Edward McCabe was a pioneer in the town of Nicodemus, Kansas. He worked as an attorney and land agent before becoming one of the first African Americans to hold a significant political position in the American Old West.
McCabe was born on October 10, 1850 in Troy, New York. He relocated from Troy to Fall River, Massachusetts, Newport, Rhode Island, and Bangor, Maine as a child. When his father died, he dropped out of school to support his family.
McCabe subsequently returned to New York City and worked on Wall Street. He soon discovered that there were no opportunities for advancement beyond clerk and porter in New York, so he relocated to Chicago in 1872, where he worked as a clerk for Potter Palmer. He was then appointed clerk in the US Treasury Department’s Cook County, Illinois office (Taylor).
His political career began when he arrived in Kansas, when he was selected as clerk of Graham County in 1880, making him one of the state’s first African American officials.
By 1881, Black leaders were planning for the prospective resettlement of 20,000 to 30,000 freedmen in Oklahoma. Around 1892, McCabe purchased 320 acres near Guthrie, Oklahoma, which became the town of Langston. The city was an all-black area ten miles northeast of Guthrie. The city was named after a black Virginia congressman who committed his support for the establishment of a black institution in Langston City (Taylor).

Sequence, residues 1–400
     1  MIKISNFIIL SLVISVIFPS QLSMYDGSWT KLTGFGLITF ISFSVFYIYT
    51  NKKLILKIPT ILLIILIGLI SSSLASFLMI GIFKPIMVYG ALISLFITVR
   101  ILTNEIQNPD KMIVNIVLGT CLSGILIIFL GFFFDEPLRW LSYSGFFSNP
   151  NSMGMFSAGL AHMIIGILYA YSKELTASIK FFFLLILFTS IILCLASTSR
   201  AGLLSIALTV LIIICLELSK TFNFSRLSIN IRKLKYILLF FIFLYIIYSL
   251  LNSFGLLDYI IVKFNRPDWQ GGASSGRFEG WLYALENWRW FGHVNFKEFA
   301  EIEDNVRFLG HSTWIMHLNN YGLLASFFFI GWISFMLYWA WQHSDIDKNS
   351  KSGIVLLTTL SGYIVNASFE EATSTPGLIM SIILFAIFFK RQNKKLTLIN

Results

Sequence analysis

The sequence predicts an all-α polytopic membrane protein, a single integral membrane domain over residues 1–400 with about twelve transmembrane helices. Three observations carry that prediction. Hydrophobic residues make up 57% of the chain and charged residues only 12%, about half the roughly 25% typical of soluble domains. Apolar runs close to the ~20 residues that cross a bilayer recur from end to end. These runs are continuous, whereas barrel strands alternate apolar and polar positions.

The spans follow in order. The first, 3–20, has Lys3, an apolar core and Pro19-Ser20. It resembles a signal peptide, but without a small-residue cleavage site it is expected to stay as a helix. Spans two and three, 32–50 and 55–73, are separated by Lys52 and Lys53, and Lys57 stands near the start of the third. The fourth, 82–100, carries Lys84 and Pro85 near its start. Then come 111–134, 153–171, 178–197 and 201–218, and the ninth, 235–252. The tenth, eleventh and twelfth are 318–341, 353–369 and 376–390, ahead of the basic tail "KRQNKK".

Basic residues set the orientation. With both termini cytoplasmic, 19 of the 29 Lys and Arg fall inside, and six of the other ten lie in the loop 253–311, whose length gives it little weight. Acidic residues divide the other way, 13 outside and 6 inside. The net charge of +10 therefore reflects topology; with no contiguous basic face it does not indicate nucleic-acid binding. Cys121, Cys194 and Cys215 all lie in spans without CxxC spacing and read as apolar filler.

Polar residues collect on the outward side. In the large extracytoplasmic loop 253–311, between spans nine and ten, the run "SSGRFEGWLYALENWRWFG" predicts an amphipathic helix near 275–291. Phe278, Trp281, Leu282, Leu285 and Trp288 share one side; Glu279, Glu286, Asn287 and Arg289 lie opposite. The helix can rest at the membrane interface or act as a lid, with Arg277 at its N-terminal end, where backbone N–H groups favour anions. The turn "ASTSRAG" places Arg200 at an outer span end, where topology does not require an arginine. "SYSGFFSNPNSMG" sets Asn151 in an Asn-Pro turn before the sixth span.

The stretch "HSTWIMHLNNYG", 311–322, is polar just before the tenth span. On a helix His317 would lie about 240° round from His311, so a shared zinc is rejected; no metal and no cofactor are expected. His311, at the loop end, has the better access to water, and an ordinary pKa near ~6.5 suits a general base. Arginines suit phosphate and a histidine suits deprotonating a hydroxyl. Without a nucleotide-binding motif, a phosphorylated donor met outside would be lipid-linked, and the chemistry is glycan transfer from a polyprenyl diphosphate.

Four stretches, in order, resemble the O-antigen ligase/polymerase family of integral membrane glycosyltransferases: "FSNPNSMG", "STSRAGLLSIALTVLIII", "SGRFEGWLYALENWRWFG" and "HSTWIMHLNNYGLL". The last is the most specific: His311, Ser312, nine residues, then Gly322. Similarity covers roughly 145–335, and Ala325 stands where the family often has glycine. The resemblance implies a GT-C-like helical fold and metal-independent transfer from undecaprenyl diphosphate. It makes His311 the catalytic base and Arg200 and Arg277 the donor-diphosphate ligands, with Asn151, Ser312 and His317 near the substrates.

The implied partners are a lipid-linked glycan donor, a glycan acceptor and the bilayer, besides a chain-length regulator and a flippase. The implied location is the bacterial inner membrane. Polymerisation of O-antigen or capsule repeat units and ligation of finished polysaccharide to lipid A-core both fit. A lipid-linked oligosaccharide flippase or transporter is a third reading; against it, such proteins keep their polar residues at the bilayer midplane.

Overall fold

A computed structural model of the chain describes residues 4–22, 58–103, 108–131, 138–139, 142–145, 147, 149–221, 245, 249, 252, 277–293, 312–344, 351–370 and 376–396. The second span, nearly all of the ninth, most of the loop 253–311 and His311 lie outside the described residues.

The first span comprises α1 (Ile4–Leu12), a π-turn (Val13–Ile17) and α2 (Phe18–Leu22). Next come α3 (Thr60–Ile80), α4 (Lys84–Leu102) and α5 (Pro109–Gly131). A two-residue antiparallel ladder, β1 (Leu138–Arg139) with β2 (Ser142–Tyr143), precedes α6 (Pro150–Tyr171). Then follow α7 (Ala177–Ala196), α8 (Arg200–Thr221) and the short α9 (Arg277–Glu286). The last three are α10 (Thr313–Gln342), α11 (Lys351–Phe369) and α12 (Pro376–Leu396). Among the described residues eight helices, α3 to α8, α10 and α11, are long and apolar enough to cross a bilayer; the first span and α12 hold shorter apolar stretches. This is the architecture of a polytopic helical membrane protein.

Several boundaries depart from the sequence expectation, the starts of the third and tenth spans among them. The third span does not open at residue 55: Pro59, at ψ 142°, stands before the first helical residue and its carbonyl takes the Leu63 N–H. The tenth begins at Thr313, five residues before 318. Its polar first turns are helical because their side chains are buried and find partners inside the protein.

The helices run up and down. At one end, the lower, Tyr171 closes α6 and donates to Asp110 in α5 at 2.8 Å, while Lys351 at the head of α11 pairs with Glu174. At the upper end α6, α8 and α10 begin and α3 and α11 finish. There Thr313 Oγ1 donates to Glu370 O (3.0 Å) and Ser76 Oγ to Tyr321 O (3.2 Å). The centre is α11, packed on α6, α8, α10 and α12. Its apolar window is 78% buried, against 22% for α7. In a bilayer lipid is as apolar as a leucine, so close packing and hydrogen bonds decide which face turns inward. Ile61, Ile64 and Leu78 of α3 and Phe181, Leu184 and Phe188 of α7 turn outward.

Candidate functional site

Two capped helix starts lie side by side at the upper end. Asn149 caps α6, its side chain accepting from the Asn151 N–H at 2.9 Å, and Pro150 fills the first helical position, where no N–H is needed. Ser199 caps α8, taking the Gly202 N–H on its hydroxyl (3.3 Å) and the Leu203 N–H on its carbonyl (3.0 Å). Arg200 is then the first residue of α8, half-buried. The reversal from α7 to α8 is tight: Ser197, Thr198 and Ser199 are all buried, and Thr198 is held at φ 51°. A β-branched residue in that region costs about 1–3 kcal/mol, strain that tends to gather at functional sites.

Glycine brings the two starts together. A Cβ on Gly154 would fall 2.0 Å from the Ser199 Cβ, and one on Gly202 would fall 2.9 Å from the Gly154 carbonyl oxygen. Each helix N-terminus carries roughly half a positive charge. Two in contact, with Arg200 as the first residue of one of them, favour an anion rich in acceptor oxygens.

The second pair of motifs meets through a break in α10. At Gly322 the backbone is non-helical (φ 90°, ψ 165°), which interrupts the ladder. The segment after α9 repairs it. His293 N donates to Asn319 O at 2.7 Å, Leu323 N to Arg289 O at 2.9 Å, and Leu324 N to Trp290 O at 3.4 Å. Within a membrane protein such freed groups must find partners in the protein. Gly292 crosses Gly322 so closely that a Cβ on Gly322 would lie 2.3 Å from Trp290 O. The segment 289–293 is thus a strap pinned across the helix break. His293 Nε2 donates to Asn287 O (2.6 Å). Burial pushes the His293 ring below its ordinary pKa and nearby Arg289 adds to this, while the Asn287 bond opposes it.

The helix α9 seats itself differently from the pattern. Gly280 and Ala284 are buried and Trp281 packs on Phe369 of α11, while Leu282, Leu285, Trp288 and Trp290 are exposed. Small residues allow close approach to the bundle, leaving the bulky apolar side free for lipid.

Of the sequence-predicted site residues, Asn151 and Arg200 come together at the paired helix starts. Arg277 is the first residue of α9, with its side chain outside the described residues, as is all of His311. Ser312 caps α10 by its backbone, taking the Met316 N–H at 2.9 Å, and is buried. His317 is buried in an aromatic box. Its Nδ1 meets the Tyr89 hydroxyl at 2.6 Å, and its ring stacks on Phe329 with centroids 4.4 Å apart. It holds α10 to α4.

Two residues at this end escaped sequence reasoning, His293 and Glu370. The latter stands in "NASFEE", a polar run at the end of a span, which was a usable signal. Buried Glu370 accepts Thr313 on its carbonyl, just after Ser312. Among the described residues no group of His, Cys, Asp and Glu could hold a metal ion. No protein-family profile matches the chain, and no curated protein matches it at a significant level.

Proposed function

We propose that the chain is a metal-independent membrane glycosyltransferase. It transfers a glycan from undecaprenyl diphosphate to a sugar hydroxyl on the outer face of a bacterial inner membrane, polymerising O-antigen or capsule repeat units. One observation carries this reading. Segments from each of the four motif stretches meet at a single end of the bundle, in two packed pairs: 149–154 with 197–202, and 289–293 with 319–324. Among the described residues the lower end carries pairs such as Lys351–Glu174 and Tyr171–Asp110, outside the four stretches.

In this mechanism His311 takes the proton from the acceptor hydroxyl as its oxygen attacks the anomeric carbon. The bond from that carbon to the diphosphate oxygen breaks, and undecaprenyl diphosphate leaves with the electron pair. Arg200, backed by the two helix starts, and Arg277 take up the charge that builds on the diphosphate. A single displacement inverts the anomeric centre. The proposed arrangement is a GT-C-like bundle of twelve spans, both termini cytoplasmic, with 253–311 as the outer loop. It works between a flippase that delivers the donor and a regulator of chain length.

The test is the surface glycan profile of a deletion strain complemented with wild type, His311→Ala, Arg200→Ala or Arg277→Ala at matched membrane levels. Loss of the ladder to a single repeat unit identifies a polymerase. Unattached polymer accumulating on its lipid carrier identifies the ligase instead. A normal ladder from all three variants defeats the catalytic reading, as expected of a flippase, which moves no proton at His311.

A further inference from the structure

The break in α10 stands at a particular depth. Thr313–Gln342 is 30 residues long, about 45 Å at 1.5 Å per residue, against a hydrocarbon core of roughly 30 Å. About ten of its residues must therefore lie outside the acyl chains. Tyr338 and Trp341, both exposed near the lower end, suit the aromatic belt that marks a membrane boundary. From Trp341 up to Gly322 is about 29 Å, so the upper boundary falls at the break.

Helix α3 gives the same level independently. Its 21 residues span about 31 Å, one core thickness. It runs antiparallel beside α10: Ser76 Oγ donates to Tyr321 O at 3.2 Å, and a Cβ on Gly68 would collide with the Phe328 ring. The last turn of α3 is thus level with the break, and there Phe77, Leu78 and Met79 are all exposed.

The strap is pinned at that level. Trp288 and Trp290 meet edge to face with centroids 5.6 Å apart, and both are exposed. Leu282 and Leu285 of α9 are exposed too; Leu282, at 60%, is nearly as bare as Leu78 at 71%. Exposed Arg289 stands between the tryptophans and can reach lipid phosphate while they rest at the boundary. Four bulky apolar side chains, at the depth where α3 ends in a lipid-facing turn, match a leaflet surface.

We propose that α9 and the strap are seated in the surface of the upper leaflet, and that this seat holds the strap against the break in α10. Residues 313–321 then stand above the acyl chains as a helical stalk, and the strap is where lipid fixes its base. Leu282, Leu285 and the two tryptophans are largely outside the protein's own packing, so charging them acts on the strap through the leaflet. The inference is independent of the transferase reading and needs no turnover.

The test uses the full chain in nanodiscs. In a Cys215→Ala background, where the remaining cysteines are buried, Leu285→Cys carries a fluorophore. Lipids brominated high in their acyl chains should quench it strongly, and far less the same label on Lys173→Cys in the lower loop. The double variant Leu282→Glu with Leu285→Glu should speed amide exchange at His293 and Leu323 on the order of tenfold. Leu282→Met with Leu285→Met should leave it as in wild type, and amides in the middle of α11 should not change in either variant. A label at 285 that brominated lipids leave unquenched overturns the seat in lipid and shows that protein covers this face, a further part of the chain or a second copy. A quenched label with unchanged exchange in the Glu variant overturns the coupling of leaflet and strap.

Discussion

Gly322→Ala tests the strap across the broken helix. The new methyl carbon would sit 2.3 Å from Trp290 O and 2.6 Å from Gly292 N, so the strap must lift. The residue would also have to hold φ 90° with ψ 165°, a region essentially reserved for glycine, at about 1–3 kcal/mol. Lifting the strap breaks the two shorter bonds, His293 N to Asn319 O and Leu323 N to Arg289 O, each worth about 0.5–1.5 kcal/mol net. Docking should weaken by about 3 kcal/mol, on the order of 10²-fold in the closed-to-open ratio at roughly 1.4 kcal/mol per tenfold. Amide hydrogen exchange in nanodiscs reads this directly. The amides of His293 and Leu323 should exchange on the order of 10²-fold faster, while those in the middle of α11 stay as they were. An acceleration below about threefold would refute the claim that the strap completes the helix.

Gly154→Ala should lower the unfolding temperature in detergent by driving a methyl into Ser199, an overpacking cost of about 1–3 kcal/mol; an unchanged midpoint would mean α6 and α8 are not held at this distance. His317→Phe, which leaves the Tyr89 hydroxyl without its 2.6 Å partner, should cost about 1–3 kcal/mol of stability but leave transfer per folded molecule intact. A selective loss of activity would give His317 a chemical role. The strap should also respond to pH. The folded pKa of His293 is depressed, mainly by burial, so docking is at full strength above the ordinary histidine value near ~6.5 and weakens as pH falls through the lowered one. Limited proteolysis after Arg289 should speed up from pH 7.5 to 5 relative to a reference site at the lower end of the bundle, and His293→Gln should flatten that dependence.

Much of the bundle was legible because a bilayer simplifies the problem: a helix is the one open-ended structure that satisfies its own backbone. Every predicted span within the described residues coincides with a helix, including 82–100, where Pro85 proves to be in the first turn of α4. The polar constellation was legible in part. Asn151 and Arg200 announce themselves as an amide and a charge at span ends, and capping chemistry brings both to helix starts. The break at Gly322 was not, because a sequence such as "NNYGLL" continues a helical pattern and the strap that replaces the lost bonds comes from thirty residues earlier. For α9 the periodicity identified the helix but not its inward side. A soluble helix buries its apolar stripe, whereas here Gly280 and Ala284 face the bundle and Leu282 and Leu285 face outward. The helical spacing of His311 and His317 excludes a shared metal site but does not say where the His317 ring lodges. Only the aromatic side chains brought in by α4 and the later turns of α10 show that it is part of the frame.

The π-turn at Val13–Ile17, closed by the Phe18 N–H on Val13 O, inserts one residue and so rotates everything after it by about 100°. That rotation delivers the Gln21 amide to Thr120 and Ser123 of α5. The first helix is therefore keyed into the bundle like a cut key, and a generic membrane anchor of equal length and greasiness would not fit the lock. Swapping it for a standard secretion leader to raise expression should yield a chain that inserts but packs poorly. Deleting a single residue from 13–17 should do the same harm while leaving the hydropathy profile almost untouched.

Finally in 1897, a Colored Agricultural and Normal School was created, this was later called Langston University. The city was formed with the intention of assisting in the abolition of racial discrimination. It was part of a plan to establish around twenty-five additional “black communities” in Oklahoma Indian Territory.
McCabe was elected as Kansas state auditor on the Republican ticket, making him the first black person to occupy a statewide office in a northern state. McCabe served in this capacity for two years. He did stay in politics for a while, serving as deputy auditor of Oklahoma Territory from 1897 until 1907. Edwin P. McCabe died in Chicago, Illinois on March 12, 1920, and was buried in Topeka, Kansas.